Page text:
Interpersonal Skills: Key Predictor of Executive Success

Strong Interpersonal Skills

Begin with interpersonal skills! Hiring managers get paid to make good decisions on their personnel decisions. Hence, one of the most important things these HR folk could do to ensure lower turnover in these key positions is to hire the right person the first time. Typically, a set of competencies is created, people are interviewed and a choice is made. Are you a hiring manager? What would you do if you could make better choices? A recent AMA study says you can:

“A key takeaway is that soft values drive hard results—and that companies and their investors need to put more effort into evaluating the interpersonal strengths of potential leaders. Evaluating technical competence alone isn’t enough,”

Communication and Interpersonal Skills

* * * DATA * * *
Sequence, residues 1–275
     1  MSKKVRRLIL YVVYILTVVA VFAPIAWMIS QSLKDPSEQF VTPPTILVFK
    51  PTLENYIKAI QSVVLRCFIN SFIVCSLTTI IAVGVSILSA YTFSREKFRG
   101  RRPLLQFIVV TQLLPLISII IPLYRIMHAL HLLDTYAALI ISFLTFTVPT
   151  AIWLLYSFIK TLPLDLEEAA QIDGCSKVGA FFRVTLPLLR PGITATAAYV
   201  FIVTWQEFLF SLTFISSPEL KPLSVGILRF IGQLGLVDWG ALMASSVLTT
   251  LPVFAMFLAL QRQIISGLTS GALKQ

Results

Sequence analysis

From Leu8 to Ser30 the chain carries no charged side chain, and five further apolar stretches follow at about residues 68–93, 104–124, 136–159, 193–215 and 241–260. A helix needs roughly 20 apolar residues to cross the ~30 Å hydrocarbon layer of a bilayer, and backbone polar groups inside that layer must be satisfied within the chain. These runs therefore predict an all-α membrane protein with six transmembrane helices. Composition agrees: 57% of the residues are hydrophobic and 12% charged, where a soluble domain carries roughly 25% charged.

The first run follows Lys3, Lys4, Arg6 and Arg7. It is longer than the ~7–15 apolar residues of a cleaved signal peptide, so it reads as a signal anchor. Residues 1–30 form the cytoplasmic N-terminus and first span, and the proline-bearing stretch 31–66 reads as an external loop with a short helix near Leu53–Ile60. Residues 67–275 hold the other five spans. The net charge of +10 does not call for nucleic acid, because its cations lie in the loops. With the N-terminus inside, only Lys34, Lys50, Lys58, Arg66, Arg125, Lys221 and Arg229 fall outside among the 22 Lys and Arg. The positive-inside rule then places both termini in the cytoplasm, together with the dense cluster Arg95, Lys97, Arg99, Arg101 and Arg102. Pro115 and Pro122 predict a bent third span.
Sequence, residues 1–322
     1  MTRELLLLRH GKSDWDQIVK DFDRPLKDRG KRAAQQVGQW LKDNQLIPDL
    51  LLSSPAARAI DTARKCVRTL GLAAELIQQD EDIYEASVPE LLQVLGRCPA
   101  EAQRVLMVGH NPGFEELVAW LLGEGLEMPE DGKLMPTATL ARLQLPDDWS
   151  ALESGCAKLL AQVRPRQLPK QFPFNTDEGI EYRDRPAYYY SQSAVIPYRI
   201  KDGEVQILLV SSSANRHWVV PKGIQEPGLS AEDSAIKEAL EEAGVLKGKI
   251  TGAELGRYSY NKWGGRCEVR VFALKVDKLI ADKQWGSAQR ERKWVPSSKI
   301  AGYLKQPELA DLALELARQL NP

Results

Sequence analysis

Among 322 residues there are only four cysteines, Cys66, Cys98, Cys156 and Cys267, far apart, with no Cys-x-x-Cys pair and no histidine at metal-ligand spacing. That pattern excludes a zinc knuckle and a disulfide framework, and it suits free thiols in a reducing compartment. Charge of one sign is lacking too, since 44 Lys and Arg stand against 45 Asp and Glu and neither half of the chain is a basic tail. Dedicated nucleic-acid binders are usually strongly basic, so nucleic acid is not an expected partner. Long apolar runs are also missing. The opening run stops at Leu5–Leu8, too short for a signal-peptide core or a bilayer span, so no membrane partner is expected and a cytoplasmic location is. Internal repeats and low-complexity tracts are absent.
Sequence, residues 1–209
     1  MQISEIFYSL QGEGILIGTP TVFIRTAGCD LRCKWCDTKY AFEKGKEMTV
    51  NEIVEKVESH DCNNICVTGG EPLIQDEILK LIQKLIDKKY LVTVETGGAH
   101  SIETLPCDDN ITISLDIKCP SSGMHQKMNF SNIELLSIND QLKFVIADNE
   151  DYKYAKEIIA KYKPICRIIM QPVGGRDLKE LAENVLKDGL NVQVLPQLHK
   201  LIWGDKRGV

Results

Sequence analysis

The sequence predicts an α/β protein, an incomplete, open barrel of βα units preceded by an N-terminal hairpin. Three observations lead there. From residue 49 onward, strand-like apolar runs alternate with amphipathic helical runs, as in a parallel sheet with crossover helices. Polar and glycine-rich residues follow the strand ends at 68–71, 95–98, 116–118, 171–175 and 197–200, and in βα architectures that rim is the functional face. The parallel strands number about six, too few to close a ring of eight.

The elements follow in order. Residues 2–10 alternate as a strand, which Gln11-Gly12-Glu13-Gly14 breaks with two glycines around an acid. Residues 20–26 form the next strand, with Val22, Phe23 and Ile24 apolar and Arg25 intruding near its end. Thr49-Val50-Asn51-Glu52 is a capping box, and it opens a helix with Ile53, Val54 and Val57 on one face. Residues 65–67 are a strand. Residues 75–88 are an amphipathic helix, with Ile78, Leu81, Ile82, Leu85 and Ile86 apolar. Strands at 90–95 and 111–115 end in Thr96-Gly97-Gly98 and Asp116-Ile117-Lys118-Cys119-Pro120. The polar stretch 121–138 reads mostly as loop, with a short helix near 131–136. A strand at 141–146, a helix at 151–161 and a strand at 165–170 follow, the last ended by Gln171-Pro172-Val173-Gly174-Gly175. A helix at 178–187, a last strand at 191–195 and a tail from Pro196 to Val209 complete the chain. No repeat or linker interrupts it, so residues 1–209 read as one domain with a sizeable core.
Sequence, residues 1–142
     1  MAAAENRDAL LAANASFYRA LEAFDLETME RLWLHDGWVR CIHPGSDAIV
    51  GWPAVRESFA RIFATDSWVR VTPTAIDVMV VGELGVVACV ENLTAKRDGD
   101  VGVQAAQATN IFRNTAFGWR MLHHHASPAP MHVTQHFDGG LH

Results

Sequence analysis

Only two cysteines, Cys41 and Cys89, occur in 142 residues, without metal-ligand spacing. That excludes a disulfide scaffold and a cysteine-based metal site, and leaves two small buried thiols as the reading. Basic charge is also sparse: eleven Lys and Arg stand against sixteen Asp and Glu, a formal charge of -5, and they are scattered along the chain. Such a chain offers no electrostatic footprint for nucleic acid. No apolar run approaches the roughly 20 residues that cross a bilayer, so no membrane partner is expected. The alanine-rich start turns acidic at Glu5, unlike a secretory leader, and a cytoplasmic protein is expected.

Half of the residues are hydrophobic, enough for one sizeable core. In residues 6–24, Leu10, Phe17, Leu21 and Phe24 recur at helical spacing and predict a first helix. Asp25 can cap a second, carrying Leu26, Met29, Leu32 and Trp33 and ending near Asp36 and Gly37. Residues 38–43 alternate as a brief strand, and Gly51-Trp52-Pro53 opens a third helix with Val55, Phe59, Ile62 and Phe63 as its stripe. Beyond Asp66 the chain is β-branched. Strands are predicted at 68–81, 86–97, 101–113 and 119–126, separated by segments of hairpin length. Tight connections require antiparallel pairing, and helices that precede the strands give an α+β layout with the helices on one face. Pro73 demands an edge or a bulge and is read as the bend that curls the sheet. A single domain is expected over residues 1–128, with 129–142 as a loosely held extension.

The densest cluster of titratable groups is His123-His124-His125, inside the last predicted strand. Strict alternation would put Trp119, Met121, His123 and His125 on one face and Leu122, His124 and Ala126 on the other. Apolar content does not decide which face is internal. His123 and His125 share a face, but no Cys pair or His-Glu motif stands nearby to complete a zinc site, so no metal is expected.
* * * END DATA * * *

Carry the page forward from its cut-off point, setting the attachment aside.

Sitting before you is someone with the exact competencies you are seeking. How will you discover their soft skills? Take them on a tour of the operations. Take them to lunch. Notice how they treat the line employees. Observe their interaction with the waiter. If they seem to take an interest in these people you’re off to a good start. Ask them about their friends in their previous jobs. Focus on the behavioral skills you are seeking and ask them to describe a real situation and how they handled it.

The bottomline, according to the AMA Study “A high self-awareness score was the strongest predictor of overall success.” Good managers know their strengths and they embrace their weaknesses. I once worked with a couple people who took pride in their low empathy skills. Sad for them because this is another one of those predictors of strong interpersonal skills. Interestingly, people with multiple siblings rated higher in managing results and in getting along with others in the workplace.

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